After dragging an overstuffed suitcase down the subway station stairs and securing it in a storage unit, I ascended with curious eyes beaming at my face. A cigarette tumbled to the ground and a small yet handsome man approached. He had short burgundy brown hair with two diamond studs and two dimples that matched their glare when he smiled.
A sea of questions emerged towards my friend and me about our home, our destination, our experiences and our availability. And then he asked a common question that has been painted on the lips of many Koreans I’ve met. Would you like to have a drink? And as a knee jerk reaction in confirmation of appreciation and respect, after being given the responsibility to decide as the eldest, I said only one. As if to acknowledge his courtesy yet explain we would disappear shortly.
So legs descended into a bar named dragon and an army of toes tapped down to a basement layer. The bartender would give us a show. There were 7 of us now. Greetings and laughter were juggled simultaneously with bottles of vodka and cups. Conversations emerged as layers of unfamiliarity melted under the dimly lit lights. And then it happened. I like NIG.. My eyes swelled, my head shook ‘NO’ vigorously , and I held up my arms in the shape of an ‘X’ to give a visual aid, just in case the message was not clear. The leader of this event and once accommodating host became a student in my eyes immediately. He said that he has heard Chris brown and a lot of music use the word. And in my best Korean I declared “BUUUUUT” it’s still not good for you to say. “Bad” He looked confused and his friend followed up in concert with me saying “But still” as if confirming the error in his argument. I couldn’t believe it. People across the world feel comfortable saying this word because WE use it. I’ve often been in support of hip hop heads who firmly declare that the word is ‘nigga’ and a term used among the black community taking power away from the once evil term. But I realized that rationale was no longer rational. Other than native English speakers, people can’t tell the difference between “nigger and nigga.” It simply is the difference between two letters. Letters that mean very little to those that are not fluent in English.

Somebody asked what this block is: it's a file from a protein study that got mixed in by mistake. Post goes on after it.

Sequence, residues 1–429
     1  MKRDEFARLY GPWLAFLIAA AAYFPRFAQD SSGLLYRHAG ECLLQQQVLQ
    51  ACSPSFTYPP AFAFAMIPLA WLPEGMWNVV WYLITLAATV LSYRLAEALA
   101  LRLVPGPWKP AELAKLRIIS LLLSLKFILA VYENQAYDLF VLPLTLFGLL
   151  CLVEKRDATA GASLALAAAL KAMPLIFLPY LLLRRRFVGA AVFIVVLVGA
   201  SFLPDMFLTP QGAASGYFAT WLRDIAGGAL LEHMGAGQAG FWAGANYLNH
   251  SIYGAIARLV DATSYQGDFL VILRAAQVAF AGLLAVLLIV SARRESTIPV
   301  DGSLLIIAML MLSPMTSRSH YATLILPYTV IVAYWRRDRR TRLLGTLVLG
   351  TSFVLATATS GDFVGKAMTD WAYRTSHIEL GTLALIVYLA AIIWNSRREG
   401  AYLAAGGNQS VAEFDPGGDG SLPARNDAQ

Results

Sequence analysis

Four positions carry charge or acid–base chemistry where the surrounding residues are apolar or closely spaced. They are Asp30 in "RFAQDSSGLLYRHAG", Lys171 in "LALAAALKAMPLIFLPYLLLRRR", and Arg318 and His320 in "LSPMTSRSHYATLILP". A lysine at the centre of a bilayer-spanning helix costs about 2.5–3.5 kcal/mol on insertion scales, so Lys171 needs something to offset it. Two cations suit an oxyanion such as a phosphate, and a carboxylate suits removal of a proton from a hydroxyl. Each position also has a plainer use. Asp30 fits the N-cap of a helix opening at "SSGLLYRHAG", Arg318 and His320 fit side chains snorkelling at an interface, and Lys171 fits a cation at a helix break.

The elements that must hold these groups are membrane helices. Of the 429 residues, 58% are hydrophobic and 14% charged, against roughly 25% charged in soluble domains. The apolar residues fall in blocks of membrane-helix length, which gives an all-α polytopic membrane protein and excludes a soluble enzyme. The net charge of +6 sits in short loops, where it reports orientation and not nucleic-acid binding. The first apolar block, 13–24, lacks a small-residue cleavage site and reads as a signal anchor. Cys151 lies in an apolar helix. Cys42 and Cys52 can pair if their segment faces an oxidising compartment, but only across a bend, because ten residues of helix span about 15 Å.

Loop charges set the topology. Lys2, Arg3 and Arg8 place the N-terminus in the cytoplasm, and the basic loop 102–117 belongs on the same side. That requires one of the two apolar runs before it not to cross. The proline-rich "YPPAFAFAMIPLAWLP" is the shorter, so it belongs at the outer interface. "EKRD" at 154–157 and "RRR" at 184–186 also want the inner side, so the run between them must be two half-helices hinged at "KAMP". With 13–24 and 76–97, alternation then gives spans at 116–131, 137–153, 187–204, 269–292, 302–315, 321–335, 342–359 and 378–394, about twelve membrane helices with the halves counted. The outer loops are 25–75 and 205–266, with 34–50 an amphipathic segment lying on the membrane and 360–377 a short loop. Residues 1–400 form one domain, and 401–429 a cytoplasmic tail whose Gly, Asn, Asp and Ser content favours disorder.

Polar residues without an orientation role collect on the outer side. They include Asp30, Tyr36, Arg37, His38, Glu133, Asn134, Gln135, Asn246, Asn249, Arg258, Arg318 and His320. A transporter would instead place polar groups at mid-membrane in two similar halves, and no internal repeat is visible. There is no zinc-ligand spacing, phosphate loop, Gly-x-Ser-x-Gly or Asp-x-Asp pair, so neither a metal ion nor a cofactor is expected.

Words are like water. Once spilled they never return back to their original place until enough has been collected by the atmosphere and it rains returning it back to its original sender. Words seep into minds and hearts and dance on tongues that spin them according to their own personal taste. If there is a rule that stands it is that those who have been oppressed by the world should take hold of it first. Not for entertainment or endearment towards those in the same community, but we should take hold of it in such a way that it is no longer paraded as part of our identity. We should take hold of it in such a way that we break the necks of opportunity to project this word into the wind as a reflection of our community. It is not ours however. We are only called to be teachers. Redeemers of former evils through education and action, and displayed leadership. I am not a nigger. My ancestors were not niggers. I don’t want to be a nigger. I guess I’m anti-nigga.